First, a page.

Welcome, or welcome back, to my travel blog! Another year, another January and another trip to francophone Africa have begun. This trip has already landed me in Côte d’Ivoire and will, if all goes as planned, continue on to visit church members in Togo and Cameroon.
The flight to Paris from Atlanta was particularly pleasant this time since I had a free upgrade to business class. Allow me a digression about said upgrade. Delta Airlines offers its diamond class (top tier) frequent fliers a choice of several perks each year. One of the possibilities is upgrade certificates usable on international flights. Last year for the first time, I qualified as diamond, with a mileage bonus from a premium credit card putting me through the last hoop (of which there are a number). I chose the four international upgrade certificates. Then I found that even with the certificates in hand, it’s not always possible to use them. Only so many seats on any flight are available for the upgrade. I tried about six times last year to use them and was only able to do so once.
The others will expire in March of this year, so I was happy to use another one on this trip. The translating flight home from Paris at the end of this strip has me only on a waiting list since no seats are currently available, which was the story for almost all of 2017. Like many things in the frequent flyer world, the programs sound great, but they don’t always deliver what is promised. In fact Delta has added another hoop for 2018 which means there is no way I will be able to reach diamond level for 2019. This was done, Delta assured me, to improve the flying experience of its customers. Apparently having my in the tier diminished the experience for others…. You are the weakest flyer, goodbye!
If you don’t fly much or at all, program levels and upgrades and such may not seem very important, but when one spends many hours and days on planes, upgrades make a huge difference: wider seats, better food, sometimes just food, etc. It means the difference between looking forward to a flight and just having to get through it as best one can. Flying is a significant part of my life and I have come to understand while frequent flyers will struggle so hard, strategize, and even fly unnecessary trips (which, for the record, I have never done), in order to maintain a status level. There are several successful websites and newsletter devoted solely to such questions. With Delta diamond level, though I didn’t have much success with international upgrades, my wife and I often receive upgrades on domestic flights which include our frequent trips to Montreal. There is no expense to the Church for the upgrades, and we have a much better flying experience. Of course the international flights are the most grueling, and so those upgrades are the most appreciated.
So back to the present trip, from Atlanta to Paris, I had an excellent meal with nice wines, good headphones to listen to music or a movie, and a seat that reclined down completely flat. A full size pillow and a duvet were provided. I was able to sleep about four hours, which is more than usual, and the quality of the sleep was better as well. The upgrade is supposed to apply all the way to final destination, but Air France, does not honor any upgrade past Paris. However, at the last minute, there was a plane change in my flight from Paris to Abidjan. An A380, the double decker Airbus, was swapped out for a 777 which has less capacity. Ground staff in Paris told me that there is an ongoing (but unreported in the press) strike by maintenance workers which means they can’t fly all their planes. The bright side of that for me was that, on the new plane, economy class was completely filled, so they upgraded me to premium economy, a new class intermediate between economy and business. Many airlines are instituting something like this. It’s like business class light, but it is still noticeably better than economy: wider seat (this is important on Air France because as the French are rightly proud of how they generally stay quite slim, their seats are the narrowest in the industry) enhanced menu, etc.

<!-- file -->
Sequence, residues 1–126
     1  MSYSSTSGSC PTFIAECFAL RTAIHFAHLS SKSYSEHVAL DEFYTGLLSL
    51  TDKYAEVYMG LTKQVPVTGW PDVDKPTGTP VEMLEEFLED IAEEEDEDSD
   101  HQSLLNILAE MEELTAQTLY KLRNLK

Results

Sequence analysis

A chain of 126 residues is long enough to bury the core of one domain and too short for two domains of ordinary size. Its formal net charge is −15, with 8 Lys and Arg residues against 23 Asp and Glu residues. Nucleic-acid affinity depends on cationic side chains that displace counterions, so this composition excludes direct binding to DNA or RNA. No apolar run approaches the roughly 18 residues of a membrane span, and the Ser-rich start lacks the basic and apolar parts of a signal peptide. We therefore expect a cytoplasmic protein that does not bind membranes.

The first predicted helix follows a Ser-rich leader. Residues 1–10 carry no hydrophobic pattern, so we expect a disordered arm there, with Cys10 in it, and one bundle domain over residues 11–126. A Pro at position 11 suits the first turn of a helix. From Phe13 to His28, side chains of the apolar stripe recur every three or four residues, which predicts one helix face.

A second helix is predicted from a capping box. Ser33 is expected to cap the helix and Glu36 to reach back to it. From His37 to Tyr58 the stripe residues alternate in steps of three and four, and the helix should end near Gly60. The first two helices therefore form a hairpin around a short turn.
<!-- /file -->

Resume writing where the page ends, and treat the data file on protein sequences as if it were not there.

I slept several more hours on the six-hour flight to Abidjan, where we landed about 8:30 pm. I was able to use the premium lane (another advantage of top tier status) for immigration, so I had my Yellow-fever card checked, and my passport stamped in under 20 minutes. For many passengers it would take more than an hour. I picked up my luggage, put it all through a metal scanner, as everyone must, at customs, and walked out into the crush of people. I noticed the Burger King restaurant in the public zone of the airport. There are apparently at least three such restaurants in Abidjan now.
You may know that Thomas Friedman, the American journalist has posited the Golden Arches Theory of Conflict Prevention, which posits that no country, having received a McDonald’s restaurant has ever gone to war with another in the same circumstance. History has shown there have been a few exceptions, but if the same theory is true of Burger King, the United States need no longer worry about being invaded by Côte d’Ivoire….
By the time I checked in at the hotel it was 10:00 pm. Having dozed so recently I couldn’t sleep immediately so I finished my weekly newsletter and sent it out, and accomplished a few more tasks on my laptop, such as beginning this blog, and now shall turn in.